California has legions of attorneys. Their client advocacy spans every conceivable practice area, and they are present and active in every corner of the state.
Given the scores of thousands of practicing lawyers, it stands to reason that their collective range of competency varies greatly and across a wide continuum. Some attorneys are paragons of skill and virtue, painstakingly promoting their clients’ best interests at every moment. Understandably, every California resident with a legal need wants one of those.
Unfortunately, they can be hard to duly identify and retain. Public disciplinary records from the State Bar of California and Supreme Court amply spotlight that good attorneys across the state are supplemented by others not so routinely fixated on optimal client outcomes.
Consider this story, for instance, involving one Southern California attorney. That practitioner was disbarred in early 2017 for what one media account terms “a fraudulent loan scheme.” That matter is now under the purview of California prosecutors, who are pursuing it as a criminal offense.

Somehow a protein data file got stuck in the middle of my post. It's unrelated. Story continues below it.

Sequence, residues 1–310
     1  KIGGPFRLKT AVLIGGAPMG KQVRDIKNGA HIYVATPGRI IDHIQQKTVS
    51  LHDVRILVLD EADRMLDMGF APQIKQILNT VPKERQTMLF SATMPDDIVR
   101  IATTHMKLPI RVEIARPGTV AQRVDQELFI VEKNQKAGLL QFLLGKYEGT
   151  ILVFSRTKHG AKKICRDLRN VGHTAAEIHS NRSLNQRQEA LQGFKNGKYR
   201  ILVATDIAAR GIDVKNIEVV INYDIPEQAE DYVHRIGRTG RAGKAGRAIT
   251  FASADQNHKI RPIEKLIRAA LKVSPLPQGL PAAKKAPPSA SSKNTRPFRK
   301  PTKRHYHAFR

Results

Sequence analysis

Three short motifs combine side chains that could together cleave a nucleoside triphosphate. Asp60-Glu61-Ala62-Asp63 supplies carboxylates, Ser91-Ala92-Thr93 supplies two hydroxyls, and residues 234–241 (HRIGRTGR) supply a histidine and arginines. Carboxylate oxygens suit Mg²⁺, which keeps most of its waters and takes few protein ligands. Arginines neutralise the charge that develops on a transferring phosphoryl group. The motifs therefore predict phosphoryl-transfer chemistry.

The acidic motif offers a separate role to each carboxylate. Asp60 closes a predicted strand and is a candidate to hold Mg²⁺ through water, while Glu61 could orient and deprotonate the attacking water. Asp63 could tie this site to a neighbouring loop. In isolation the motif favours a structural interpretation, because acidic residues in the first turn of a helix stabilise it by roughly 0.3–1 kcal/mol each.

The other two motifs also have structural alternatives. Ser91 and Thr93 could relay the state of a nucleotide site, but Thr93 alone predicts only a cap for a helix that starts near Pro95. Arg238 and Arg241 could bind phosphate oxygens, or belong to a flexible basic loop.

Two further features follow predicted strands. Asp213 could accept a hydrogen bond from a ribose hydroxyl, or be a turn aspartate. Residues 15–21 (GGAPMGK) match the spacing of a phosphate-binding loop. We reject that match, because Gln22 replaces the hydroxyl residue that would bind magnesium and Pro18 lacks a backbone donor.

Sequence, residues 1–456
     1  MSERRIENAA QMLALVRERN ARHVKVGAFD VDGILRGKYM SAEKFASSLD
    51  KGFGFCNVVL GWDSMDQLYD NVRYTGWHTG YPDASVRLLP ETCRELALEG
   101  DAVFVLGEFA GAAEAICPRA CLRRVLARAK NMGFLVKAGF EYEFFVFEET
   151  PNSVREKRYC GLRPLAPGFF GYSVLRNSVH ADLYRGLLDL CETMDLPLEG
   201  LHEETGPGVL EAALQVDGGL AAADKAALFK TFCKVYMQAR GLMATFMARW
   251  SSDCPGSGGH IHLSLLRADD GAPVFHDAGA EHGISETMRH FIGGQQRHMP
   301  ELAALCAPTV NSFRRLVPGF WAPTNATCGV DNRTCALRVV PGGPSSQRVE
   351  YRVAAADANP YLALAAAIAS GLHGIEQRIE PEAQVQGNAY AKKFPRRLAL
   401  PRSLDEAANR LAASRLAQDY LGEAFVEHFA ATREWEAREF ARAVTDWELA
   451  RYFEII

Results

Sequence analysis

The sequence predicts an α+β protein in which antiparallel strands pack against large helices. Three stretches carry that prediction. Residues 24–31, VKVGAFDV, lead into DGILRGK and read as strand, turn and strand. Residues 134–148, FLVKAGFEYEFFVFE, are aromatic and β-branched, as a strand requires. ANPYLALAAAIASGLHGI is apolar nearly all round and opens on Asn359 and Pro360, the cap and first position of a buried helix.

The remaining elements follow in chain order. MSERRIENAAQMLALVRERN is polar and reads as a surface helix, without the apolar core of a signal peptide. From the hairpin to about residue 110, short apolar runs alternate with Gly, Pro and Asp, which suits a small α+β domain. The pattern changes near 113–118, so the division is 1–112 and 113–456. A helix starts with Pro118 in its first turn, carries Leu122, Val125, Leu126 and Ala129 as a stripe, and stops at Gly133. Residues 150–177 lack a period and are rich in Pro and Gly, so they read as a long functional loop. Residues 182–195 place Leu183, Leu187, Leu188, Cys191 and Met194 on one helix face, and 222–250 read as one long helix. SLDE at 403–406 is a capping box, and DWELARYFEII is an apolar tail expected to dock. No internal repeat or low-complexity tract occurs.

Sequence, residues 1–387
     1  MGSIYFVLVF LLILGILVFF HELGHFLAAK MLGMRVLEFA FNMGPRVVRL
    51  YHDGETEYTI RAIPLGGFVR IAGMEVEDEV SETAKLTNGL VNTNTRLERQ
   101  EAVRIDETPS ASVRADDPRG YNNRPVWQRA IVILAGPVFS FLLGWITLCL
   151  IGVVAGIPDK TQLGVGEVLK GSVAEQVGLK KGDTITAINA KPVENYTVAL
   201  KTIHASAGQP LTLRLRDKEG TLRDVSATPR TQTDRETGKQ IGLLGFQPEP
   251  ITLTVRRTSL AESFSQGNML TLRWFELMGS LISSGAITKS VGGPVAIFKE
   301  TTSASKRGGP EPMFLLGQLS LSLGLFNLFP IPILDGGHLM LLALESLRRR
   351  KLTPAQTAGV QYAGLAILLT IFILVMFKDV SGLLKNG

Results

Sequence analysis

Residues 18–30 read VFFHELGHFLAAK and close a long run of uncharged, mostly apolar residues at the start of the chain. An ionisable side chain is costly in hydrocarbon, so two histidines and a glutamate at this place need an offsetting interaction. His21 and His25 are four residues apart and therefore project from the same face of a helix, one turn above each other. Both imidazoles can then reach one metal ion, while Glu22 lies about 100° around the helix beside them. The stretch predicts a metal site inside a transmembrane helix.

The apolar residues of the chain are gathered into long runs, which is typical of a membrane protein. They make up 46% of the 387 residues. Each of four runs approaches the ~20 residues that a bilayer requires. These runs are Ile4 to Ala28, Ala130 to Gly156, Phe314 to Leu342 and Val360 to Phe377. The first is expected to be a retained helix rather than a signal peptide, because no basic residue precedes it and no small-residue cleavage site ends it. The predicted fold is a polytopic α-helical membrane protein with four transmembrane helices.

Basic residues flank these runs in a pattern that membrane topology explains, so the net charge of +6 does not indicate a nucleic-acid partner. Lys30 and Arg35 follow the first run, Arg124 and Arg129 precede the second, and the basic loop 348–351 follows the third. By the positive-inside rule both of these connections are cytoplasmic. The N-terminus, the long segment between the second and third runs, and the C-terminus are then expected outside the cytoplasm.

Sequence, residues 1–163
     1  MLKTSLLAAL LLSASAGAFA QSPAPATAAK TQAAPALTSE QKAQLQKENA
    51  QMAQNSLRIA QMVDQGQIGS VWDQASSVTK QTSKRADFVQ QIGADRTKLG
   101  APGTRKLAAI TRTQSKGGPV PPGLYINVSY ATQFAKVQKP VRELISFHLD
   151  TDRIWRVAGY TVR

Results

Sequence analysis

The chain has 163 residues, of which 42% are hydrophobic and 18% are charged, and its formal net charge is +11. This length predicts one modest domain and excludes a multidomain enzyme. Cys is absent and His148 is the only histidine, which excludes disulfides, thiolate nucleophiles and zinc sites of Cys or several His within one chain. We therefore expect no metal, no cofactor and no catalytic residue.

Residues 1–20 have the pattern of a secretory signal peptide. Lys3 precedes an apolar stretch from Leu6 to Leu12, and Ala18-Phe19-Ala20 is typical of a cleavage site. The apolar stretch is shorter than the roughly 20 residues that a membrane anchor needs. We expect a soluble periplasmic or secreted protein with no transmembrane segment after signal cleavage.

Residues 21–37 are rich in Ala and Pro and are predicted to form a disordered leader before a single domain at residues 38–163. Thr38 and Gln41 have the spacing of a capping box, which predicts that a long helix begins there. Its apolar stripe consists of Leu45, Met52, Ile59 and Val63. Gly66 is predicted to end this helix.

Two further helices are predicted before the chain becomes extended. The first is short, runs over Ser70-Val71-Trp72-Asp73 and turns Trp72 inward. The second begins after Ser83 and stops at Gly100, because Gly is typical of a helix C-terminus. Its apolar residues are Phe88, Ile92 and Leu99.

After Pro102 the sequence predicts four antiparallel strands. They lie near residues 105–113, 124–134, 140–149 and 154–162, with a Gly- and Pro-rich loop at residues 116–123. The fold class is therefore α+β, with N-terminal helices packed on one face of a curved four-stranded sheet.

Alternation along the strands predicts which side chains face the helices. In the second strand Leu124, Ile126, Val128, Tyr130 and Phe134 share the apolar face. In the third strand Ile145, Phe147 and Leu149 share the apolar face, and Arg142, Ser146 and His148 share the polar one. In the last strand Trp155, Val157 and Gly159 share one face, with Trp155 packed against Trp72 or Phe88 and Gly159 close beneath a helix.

Such an outcome to a legal career might reasonably seem to stop it in its tracks, effectively and forever.
That didn’t turn out to be the case, though. The disbarred attorney simply began advertising himself in a new locale (Ventura County) and, notably, as an entirely different practitioner.
That is, he engaged in identity theft, assuming a new persona as an already existing attorney. Authorities say that he drafted/filed client documents and actually made appearances in court for nearly a year under his stolen identify.
He now faces a broad array of criminal charges, ranging from ID theft and unauthorized legal practice to false personation and burglary.
Obviously, the above story chronicles outlier behavior to a marked degree.
It is also instructive, though, especially since similarly egregious conduct routinely yields license suspension and disbarment for select bad-faith California attorneys. A bottom-line takeaway for would-be legal clients is the admonition to conscientiously check the qualifications and practice history of retained counsel through appropriate channels, including the State Bar.
And contact a proven malpractice law firm if you have any questions or concerns about your lawyer’s background or what you believe is deficient performance in your legal matter.